China official says scandal damaged party's image
BEIJING (AP) — A scandal that toppled one of China's most powerful politicians dealt a heavy blow to the reputation of the nation and its ruling Communist Party, a senior official said Monday, in an unusually candid appraisal of China's messiest political upheaval in years.
Zhang Dejiang, who replaced the disgraced Bo Xilai as leader of the southwestern city of Chongqing, said party officials need to study the case, take lessons and support the national leadership's handling of it.
The Bo case "brought serious damage to the image of the country and the party," Zhang, a member of the party's ruling Politburo, told delegates to Chongqing's local Communist Party congress.
"Seriously study and learn the spirit of the center's orders and reflect on the conclusions," Zhang said.
Bo was dismissed in March after his former police chief fled to a U.S. consulate and divulged suspicions that Bo's wife Gu Kailai had been involved in the death last November of a British businessman, Neil Heywood.
Zhang gave no updates on the investigation.
Little has been reported by China's state-run media about Bo since his dismissal — an apparent attempt to keep the lurid details of the scandal from marring a once-a-decade national leadership transition just months away. Bo, once a rising star, had been expected to be a key figure in that reshuffle.
Zhang's remarks diverged from previous statements in acknowledging the damage it had wrought. Earlier editorials in state media focused on saying the party acted correctly in stripping Bo of his posts and pursuing the case through the legal process.
Recent weeks have seen the official media go silent on the case, a sign that the party wished to quash any further discussion until it makes clear exactly how it plans to proceed.
Bo is in the hands of the party's internal discipline and inspection commission, which is expected to issue a statement soon about his infractions. That would open the way for a court trial, not likely to occur before next year, with charges possibly including obstructing police work and abuse of power. Thus far, Bo has been accused only of grievous but unspecified rules violations.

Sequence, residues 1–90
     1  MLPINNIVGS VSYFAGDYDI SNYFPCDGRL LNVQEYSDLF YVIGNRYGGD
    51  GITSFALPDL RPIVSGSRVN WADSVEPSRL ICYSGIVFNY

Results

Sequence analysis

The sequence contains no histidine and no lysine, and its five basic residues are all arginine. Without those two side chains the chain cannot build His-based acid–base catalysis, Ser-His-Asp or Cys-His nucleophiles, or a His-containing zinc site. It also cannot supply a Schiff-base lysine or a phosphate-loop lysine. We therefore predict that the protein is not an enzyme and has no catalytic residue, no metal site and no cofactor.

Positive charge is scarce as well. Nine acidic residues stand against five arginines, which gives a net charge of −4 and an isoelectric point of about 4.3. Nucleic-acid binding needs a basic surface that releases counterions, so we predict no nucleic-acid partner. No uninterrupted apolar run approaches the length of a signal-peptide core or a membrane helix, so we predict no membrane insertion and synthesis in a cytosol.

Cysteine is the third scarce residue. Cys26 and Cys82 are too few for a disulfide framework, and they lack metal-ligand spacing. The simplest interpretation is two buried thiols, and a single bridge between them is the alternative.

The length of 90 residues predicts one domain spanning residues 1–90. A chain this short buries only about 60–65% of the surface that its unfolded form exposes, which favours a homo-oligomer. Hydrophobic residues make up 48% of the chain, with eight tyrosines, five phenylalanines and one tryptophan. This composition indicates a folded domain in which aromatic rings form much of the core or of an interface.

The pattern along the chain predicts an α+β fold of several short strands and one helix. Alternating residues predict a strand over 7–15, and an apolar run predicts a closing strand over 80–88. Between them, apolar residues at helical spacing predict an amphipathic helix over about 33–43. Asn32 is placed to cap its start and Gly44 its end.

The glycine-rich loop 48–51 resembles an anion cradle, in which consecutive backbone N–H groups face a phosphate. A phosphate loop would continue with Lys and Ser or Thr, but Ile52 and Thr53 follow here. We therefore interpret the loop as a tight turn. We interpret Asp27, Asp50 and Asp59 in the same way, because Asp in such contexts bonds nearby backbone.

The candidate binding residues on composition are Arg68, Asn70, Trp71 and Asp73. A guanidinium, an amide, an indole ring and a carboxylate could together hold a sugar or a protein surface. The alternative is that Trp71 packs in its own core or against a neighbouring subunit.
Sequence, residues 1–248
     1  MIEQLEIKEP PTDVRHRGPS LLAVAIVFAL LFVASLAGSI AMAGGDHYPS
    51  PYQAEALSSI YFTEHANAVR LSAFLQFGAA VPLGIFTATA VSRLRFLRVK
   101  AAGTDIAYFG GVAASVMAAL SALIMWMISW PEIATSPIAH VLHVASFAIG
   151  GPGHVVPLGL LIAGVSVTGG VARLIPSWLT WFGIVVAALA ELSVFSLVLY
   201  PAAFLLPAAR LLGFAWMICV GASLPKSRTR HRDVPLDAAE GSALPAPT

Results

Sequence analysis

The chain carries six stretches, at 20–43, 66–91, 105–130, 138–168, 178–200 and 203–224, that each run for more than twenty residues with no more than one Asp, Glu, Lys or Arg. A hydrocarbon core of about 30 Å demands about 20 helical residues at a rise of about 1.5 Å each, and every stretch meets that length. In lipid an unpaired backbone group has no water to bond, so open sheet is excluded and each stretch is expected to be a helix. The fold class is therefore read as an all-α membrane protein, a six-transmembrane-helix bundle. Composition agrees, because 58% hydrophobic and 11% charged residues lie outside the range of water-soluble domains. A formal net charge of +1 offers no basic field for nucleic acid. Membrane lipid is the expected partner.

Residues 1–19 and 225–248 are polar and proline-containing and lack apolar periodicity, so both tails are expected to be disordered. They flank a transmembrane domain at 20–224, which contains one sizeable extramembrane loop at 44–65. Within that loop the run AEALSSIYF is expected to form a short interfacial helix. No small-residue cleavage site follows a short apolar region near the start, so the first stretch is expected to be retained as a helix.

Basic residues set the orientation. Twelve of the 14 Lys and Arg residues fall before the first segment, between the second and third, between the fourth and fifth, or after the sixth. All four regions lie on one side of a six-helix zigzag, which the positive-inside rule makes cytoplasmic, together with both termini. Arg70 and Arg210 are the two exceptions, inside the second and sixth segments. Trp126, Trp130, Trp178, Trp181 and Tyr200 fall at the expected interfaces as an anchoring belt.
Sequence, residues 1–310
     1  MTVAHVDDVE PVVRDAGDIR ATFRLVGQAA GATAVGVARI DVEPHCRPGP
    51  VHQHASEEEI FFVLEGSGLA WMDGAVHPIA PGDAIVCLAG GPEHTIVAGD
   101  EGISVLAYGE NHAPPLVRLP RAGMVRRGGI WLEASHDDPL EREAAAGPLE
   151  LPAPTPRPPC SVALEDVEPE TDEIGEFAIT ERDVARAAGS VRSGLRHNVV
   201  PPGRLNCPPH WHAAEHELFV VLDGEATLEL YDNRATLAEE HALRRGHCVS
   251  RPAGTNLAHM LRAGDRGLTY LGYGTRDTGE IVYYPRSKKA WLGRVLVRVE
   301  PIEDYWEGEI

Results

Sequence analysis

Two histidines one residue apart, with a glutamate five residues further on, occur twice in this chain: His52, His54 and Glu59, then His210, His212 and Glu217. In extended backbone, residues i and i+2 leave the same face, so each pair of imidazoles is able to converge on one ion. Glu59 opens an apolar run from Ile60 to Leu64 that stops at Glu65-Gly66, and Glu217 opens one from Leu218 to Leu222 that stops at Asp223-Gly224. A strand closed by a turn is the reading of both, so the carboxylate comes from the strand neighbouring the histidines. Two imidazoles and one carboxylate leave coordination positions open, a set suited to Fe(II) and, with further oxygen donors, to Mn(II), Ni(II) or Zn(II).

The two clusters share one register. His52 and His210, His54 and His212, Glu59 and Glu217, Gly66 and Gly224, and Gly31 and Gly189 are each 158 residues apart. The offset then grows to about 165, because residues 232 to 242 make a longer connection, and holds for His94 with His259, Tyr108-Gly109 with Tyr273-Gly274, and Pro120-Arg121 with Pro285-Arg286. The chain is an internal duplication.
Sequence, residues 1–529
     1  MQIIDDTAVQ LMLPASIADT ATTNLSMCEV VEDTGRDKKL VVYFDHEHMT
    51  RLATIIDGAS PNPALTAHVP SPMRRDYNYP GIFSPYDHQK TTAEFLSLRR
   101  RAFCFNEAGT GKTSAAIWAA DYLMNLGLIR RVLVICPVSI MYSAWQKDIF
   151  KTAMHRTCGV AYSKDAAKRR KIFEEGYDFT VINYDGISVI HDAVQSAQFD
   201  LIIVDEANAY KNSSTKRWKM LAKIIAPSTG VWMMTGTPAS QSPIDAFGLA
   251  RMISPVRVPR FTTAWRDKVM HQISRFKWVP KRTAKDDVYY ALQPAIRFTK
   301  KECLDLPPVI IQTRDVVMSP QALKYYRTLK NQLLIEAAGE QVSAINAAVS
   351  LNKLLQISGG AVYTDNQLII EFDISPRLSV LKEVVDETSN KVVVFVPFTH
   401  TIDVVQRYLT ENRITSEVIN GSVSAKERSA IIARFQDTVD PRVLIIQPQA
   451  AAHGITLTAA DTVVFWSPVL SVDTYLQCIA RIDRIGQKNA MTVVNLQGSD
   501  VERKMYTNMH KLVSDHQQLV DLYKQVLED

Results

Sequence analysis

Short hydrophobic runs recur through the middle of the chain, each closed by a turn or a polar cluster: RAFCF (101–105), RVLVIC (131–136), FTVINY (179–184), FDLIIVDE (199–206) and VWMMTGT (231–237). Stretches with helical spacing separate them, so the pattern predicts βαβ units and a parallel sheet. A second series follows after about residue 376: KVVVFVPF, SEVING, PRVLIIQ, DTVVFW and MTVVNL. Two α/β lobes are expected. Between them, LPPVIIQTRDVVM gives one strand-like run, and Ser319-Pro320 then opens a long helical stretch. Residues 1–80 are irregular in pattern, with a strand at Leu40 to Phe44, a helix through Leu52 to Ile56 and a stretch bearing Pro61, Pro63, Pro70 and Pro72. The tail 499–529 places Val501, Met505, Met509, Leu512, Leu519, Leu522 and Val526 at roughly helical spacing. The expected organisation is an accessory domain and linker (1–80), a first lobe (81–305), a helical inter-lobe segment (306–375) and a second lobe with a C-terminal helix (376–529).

Zhang said Bo's case had also had a "severe impact on the reform and development" of Chongqing, a mega-city of 32 million people which oversees a region the size of Austria.
"Everybody agreed that ... that there should be an earnest search for work-related problems so improvements can be made," Zhang said, according to a transcript of his remarks posted on the city's official news website.
He also tried to separate Bo from Chongqing's sizzling economic growth, praising the public and remaining cadres for the city's success in recent years.
Bo is believed to be under house arrest in Beijing, while his wife and a household aide are in formal detention. The ex-police chief, Wang Lijun, who went to the consulate, is believed to be in the custody of China's main intelligence service. He could face the death penalty for treason, though he's expected to receive leniency for providing evidence against Bo and his wife.
The exact origin of the bad blood between Gu and Heywood isn't exactly known, although the party said in April that they were engaged in a financial dispute that had become progressively more heated.
The leadership handover — in which President Hu Jintao and most others will cede their party posts to Vice President Xi Jinping and a new group of leaders — will formally take place at a congress expected in the fall.
Zhang, who is also a vice premier, is among officials expected to be elevated at that event to the party's all-powerful Politburo Standing Committee.
Associated Press writer Christopher Bodeen contributed to this report.